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Controversial Dairy CAFO In Kewaunee County Could Have Up To 15K Cows Under Proposed Permit Changes

Controversial Dairy CAFO In Kewaunee County Could Have Up To 15K Cows Under Proposed Permit Changes

Under changes to a water quality permit, a large dairy farm in northeastern Wisconsin — which faced almost a decade of litigation over its proposal to expand — could nearly double its herd in an area vulnerable to groundwater pollution.

The Wisconsin Department of Natural Resources is proposing a maximum of 21,450 animal units, or roughly the equivalent of 15,000 cows, for Kinnard Farms in Kewaunee County.

The DNR is also proposing offsite groundwater monitoring as part of permit modifications. The permit regulates any releases to groundwater, as well as waters flowing to Casco Creek within the Kewaunee River Watershed.

The changes are tied to a Wisconsin Supreme Court decision last year that found regulators can require operating conditions on so-called factory farms, also known as concentrated animal feeding operations or CAFOs.

Kinnard Farms isn’t proposing to expand now, according to the agency, emphasizing the changes are tied to the July court ruling. The operation has around 8,000 cows that are expected to produce more than 103 million gallons of manure this year.

The DNR is accepting written comments on the permit conditions until Jan. 25. 

Environmental advocates and residents argue the cap proposed by regulators doesn’t safeguard water quality.

"They are missing the opportunity to develop that limit as a meaningful way to address the water contamination crisis in Kewaunee County," Tony Wilkin Gibart, executive director of Midwest Environmental Advocates, said.

Residents in Kewaunee County have struggled with drinking water contamination of private wells from agriculture for years. The region is susceptible to pollution from manure runoff due to thin soils and fractured bedrock that allow contamination to more easily seep into groundwater.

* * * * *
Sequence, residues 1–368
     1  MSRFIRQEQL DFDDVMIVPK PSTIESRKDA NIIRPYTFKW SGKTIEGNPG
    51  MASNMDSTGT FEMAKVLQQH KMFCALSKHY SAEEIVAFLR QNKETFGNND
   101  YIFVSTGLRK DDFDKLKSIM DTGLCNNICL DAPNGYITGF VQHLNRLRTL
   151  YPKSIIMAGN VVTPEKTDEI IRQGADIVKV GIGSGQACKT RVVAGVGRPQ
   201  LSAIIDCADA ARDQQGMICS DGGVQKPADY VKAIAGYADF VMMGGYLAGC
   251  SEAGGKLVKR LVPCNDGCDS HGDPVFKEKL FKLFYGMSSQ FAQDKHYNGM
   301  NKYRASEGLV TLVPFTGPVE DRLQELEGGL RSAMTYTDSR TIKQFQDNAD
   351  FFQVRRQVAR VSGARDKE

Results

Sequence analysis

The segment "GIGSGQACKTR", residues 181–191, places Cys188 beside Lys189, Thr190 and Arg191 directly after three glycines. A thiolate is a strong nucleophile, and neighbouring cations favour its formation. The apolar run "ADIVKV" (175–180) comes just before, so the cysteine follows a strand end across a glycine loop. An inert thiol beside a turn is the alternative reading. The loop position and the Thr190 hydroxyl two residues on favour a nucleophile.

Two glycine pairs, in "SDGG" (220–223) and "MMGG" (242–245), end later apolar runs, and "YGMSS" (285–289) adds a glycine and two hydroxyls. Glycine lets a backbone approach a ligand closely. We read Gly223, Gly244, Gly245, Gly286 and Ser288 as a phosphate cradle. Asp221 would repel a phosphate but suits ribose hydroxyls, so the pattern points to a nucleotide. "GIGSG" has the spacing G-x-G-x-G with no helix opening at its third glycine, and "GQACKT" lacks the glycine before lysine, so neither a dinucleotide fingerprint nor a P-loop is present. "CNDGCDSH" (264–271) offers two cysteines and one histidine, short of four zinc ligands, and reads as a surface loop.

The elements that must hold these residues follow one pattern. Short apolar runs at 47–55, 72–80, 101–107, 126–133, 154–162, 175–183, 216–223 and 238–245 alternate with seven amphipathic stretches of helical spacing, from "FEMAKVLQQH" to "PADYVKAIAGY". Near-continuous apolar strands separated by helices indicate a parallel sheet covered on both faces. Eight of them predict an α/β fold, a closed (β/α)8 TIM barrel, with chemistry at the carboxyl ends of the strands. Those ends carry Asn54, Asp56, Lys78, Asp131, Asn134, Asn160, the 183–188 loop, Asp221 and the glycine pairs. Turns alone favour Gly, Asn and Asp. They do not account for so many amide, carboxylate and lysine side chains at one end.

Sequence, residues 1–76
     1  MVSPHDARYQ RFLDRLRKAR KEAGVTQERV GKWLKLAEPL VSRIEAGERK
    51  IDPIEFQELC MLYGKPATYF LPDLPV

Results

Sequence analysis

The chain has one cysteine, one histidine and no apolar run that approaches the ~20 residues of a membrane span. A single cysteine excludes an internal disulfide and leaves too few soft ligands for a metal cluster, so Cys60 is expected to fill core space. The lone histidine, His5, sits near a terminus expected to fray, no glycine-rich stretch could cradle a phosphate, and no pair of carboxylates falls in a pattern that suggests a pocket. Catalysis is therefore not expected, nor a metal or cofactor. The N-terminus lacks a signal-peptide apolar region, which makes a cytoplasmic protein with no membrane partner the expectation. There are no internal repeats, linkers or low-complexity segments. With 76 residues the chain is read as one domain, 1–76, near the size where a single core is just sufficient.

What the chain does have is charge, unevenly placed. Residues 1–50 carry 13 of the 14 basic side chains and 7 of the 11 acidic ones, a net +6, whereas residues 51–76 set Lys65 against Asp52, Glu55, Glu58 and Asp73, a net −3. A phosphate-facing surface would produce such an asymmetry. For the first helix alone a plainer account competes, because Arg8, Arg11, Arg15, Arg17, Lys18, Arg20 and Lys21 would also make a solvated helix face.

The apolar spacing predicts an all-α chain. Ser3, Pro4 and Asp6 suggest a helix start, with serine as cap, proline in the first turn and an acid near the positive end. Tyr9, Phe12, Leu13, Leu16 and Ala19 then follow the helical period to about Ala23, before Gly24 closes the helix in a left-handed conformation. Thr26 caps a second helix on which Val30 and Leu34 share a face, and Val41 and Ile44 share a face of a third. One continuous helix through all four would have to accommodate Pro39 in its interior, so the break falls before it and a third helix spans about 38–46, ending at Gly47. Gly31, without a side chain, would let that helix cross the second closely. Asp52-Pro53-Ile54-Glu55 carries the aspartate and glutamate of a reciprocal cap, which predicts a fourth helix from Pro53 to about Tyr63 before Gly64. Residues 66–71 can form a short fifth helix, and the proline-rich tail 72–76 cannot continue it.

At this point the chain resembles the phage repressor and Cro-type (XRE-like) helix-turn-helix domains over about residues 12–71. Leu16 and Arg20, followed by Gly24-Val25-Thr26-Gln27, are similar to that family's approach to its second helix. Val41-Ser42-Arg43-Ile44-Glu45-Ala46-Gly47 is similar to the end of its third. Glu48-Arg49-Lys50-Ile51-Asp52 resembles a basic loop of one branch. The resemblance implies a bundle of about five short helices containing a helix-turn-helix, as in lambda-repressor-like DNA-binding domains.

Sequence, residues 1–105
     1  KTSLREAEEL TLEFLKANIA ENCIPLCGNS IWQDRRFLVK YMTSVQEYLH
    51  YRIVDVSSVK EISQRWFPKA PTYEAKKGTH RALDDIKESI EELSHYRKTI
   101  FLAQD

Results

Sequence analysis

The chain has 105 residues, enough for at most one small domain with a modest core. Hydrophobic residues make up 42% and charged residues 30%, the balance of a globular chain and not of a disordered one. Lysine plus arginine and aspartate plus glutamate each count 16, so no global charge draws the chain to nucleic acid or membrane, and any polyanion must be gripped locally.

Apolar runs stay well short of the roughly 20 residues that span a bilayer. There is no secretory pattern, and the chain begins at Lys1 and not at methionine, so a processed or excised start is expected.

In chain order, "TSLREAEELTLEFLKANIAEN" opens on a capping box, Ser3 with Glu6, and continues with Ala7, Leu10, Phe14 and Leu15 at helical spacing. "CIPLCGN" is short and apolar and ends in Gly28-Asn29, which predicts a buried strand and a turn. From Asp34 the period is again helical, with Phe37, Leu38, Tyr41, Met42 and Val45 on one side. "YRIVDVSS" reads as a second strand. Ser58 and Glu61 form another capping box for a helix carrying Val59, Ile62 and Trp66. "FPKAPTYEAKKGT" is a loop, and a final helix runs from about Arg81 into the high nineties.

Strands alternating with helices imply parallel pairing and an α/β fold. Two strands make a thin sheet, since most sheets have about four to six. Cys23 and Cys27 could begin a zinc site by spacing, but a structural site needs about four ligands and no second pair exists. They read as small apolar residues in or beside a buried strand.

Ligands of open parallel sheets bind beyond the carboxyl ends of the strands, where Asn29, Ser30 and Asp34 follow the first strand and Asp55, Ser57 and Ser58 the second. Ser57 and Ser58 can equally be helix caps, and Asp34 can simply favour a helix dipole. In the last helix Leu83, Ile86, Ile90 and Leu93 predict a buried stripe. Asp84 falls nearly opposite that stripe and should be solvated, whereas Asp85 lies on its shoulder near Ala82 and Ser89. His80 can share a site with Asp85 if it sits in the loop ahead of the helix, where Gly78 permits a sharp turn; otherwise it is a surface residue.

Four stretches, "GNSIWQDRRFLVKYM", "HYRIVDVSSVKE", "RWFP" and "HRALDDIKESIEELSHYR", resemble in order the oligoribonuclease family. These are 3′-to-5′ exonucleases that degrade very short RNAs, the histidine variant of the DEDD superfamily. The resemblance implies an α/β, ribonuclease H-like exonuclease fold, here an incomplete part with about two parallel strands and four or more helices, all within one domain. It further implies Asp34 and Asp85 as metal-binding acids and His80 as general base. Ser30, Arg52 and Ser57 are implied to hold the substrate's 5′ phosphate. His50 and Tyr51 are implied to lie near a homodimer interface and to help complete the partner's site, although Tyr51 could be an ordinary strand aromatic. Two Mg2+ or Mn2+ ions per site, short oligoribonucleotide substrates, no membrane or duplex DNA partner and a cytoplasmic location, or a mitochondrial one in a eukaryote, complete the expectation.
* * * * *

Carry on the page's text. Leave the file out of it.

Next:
In July, the Wisconsin Supreme Court ruled the DNR had authority to impose permit conditions on Kinnard Farms to protect water quality as part of a case that challenged a permit issued by the DNR. The decision stemmed from a 2012 request by the farm to add a second site and more than 3,000 dairy cows, almost doubling the size of its operation at the time. Nearby residents challenged the permit, setting off years of litigation.

The Wisconsin Supreme Court ruling upheld a 2014 decision by an administrative law judge that ordered the DNR to require a limit on animals for Kinnard Farms in addition to offsite groundwater monitoring, citing "a crisis with respect to groundwater quality in the area."

Since then, the DNR reissued the farm's water quality permit in 2018, which was also challenged by residents. The agency reached a settlement with the farm that required changes to the permit if the state Supreme Court affirmed the DNR’s authority to require a cap and offsite monitoring.

Chris Clayton, agricultural runoff section chief for the DNR, said the agency asked Kinnard Farms to provide a projected maximum number of animal units as part of permit modifications.

"They provided information requesting 21,450 animal units," Clayton said.

If Kinnard Farms were to expand, Clayton noted the operation would be required to demonstrate it has enough land to apply manure and wastewater, as well as meet 180-day storage requirements.

Even without future expansion, a DNR fact sheet shows groundwater monitoring data at Kinnard Farms has found "persistent exceedances of groundwater quality standards for nitrate and bacteria." Sampling of monitoring wells in production areas have shown nitrate concentrations of more than 20 milligrams per liter — double the state’s health and groundwater standards of 10 milligrams per liter. 

Nitrates are the state’s most widespread contaminant and have been associated with birth defects, thyroid disease and colon cancer. Research has shown around 10 percent of the state’s 800,000 private wells exceed federal health standards for nitrates.

Around 90 percent of nitrogen in groundwater can be traced back to agriculture.

Kinnard Farms must submit a groundwater monitoring plan for fields receiving manure that will be reviewed by the DNR for approval under the permit modifications, regardless of any future expansion. Contaminated groundwater above the production area indicates "landspreading as a potential source" of pollution. 

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